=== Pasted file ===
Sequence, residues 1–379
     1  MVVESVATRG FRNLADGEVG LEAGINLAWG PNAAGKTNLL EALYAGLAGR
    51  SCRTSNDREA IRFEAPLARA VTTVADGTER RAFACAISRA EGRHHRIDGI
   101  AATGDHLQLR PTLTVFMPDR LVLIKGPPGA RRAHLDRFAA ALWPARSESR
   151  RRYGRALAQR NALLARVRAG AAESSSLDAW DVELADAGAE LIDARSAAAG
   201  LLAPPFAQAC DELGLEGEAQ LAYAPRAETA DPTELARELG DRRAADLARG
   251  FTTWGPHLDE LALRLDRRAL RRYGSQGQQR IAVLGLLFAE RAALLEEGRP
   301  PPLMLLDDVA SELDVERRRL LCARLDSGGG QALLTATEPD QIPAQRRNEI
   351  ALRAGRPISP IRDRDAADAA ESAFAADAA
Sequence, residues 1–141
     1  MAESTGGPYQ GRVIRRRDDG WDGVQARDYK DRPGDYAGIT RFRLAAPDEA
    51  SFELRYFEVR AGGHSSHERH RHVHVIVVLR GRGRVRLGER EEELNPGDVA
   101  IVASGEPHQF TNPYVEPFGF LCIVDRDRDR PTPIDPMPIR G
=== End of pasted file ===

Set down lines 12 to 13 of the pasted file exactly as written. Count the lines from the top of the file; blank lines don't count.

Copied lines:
    51  SFELRYFEVR AGGHSSHERH RHVHVIVVLR GRGRVRLGER EEELNPGDVA
   101  IVASGEPHQF TNPYVEPFGF LCIVDRDRDR PTPIDPMPIR G